purchaser or tenant. The agreement, and an accompanying map, were filed with
the Register of Deeds of Hudson County on January 19, 1979. The parties
dispute whether the recorded survey map accurately reflects the agreement
between Hartz and the Town as to the land included in the Paragraph 19 right
of first refusal.

Soon after the Hartz-Kearny agreement was executed, David Rowlands, the
Mayor of Kearny, and Edmund Grimes and James Testa, members of the Town
Council, met at a restaurant with Jerry and Dolores Turco. Jerry Turco was the
principal representative of Mimi, and the sole owner and officer of Jeryl.
Dolores Turco, Jerry's wife, was the president of and 20% stockholder in Mimi.
At this meeting Jerry Turco agreed to pay Rowlands, Grimes, and Testa
$75,000 in exchange for the right to have Mimi develop a part of the Kearny
meadowlands. The bribe was to be paid in three $25,000 installments: when the
Town Council took official action on Mimi's development rights; when the
lease was signed; and when the lease became effective.

On March 14, 1979 the Town Council adopted a Blight Resolution

encompassing the tract that Mimi wanted. On July 31, 1979 the Town Council
approved Mimi's development proposal for that tract. On August 8, 1979 the
Town and Mimi executed a Master Leasing and Option Agreement for the tract.
The tract is part of that on which Hartz asserts a right of first refusal on the
basis of its recorded survey map. Turco paid two $25,000 installments to
Grimes and Rowlands, the second on August 9, 1979. In September of 1979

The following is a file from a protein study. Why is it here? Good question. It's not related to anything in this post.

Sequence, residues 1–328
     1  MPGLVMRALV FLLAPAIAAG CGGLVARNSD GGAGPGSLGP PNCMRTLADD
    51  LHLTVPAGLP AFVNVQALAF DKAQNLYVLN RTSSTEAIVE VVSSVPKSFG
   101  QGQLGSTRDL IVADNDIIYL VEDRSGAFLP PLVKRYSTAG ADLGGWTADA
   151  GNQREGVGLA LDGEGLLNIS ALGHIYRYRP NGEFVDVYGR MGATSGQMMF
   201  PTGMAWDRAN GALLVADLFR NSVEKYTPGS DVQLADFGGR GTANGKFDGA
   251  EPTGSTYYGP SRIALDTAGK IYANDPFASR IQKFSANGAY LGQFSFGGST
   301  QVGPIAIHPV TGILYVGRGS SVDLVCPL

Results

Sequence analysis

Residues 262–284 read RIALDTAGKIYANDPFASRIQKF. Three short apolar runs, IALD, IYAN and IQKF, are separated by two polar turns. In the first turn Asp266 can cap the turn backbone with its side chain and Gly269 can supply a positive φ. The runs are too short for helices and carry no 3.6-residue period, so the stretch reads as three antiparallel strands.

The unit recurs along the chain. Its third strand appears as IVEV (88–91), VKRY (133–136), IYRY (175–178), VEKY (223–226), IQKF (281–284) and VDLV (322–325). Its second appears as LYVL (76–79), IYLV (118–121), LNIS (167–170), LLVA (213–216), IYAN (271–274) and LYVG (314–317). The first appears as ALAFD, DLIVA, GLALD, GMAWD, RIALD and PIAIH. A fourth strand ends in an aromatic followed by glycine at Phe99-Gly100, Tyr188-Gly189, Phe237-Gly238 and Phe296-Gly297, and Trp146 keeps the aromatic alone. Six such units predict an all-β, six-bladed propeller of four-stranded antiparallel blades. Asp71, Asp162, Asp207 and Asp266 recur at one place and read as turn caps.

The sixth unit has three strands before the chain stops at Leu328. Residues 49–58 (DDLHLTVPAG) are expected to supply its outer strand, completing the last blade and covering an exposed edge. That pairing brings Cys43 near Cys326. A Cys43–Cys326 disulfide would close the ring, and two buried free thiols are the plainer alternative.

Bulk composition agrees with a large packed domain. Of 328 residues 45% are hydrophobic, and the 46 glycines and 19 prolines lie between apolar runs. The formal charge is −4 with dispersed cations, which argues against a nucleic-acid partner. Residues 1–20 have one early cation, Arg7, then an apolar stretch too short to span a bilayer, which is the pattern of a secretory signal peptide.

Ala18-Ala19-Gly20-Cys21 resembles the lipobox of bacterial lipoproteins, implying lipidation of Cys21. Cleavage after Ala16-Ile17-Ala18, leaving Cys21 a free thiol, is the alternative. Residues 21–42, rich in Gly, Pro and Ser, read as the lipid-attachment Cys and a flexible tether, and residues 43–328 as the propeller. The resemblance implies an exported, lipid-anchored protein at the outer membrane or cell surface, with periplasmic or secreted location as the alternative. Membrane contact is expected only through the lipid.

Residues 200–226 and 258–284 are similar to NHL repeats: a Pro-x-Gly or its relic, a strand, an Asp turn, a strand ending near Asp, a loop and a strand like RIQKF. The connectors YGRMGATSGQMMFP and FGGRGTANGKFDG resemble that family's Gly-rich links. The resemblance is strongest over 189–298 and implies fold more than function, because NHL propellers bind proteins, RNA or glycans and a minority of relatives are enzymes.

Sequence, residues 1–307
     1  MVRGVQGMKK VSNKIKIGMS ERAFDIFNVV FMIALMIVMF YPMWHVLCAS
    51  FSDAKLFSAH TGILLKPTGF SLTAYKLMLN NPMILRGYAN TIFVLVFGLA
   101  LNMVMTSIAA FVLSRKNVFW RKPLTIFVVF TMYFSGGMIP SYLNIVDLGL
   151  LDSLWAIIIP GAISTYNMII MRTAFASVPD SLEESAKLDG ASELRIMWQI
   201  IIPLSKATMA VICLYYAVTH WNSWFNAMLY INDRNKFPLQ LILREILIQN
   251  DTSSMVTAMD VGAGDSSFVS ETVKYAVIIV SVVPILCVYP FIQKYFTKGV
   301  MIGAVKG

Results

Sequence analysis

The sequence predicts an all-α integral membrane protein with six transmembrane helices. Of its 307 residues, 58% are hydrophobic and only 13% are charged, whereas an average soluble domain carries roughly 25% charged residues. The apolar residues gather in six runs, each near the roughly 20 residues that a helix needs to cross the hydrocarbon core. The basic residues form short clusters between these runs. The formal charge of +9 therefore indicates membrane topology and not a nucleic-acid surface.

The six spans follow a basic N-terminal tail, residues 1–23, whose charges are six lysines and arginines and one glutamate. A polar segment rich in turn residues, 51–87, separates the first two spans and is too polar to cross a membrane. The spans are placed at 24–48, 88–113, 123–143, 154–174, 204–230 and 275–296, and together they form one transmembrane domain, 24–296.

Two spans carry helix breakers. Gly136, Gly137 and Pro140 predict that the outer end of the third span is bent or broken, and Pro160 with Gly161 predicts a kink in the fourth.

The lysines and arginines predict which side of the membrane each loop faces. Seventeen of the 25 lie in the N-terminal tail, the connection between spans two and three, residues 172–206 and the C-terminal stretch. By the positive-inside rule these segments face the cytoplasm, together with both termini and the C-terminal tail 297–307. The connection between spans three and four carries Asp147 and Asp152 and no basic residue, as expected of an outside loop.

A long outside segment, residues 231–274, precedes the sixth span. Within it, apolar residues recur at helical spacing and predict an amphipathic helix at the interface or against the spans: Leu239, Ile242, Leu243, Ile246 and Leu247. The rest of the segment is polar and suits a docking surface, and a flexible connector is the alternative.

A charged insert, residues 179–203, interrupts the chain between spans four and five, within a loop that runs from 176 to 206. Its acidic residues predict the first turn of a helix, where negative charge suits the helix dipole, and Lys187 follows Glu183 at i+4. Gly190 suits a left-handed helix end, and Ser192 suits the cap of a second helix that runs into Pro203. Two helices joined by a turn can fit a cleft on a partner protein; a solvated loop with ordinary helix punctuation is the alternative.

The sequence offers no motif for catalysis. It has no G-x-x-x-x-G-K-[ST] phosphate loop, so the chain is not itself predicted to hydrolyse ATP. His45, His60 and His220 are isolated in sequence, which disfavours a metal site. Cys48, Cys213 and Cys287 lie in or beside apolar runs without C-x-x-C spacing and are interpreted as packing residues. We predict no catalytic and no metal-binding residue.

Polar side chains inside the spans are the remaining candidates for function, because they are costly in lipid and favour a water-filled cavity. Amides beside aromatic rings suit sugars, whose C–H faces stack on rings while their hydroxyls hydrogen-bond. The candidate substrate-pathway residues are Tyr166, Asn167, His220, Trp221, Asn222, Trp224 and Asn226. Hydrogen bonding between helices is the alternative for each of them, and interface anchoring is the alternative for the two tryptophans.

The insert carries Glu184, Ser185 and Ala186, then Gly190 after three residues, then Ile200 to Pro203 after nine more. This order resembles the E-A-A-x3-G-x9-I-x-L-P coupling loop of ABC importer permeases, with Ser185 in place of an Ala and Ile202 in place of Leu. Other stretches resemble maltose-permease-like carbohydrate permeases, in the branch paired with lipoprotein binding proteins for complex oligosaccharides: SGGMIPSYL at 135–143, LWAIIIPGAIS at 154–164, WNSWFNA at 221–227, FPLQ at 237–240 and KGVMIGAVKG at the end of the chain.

Hartz became aware of the Mimi lease and notified the Town in writing that it
considered that lease to be in violation of Hartz's first refusal right. In early
December of 1979 Jerry and Dolores Turco met with Rowlands at a restaurant.
When Rowlands requested the third $25,000 installment, Jerry Turco informed
him that it would be paid when the Town Council did something to indicate
that it was on Mimi's side in the conflict with Hartz.

On December 10, 1979 the Town Council met to discuss the alleged conflict
between the Hartz and Mimi leases. Two days later it passed a motion to send a
letter to Hartz expressing the view that there was no such conflict. Shortly

thereafter, Rowlands and Grimes met with the Turcos and their attorney. The
Turcos' attorney drafted a letter to be sent by Kearny to Hartz in accordance
with the Town Council resolution. Dolores Turco delivered the final installment
of the bribe; but only in the amount of $16,600, representing Rowlands' and
Grimes' shares, as the Turcos were dissatisfied with the efforts of Testa to help

On June 2, 1980 Hartz filed a lawsuit in the Superior Court of New Jersey
against Mimi and Kearny, seeking to invalidate the Mimi-Kearny lease and to
enforce Hartz's right of first refusal. In the course of that lawsuit Rowlands,
Grimes, Dolores Turco and Jerry Turco submitted affidavits in support of the
validity of the Mimi lease. Rowlands and Grimes swore that the Town had
never agreed to convey to Hartz any rights in the tract leased to Mimi. Faced
with these affidavits and other discovery, on February 3, 1981 Hartz entered
into a stipulation of settlement with Mimi and the Town. When this stipulation
of settlement was made, Hartz had no knowledge of the bribes paid by the

At about the time that Hartz's Superior Court suit was being settled, federal
prosecuting authorities were investigating the affairs of the Town of Kearny.
Early in 1982 Rowlands and Grimes were convicted of federal offenses relating
to their services as Town officials. In May of 1983, after a trial in which
Rowlands, Grimes, Jerry Turco and Dolores Turco testified, Testa was
similarly convicted. Meanwhile, on February 3, 1983 Jerry Turco pleaded
guilty to an information charging that he conspired to defraud the citizens of
Kearny in violation of 18 U.S.C. Sec. 1341. That information recounts two